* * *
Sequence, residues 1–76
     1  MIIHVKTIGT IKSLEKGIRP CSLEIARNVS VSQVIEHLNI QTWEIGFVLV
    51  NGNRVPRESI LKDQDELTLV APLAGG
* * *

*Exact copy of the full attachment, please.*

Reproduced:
Sequence, residues 1–76
     1  MIIHVKTIGT IKSLEKGIRP CSLEIARNVS VSQVIEHLNI QTWEIGFVLV
    51  NGNRVPRESI LKDQDELTLV APLAGG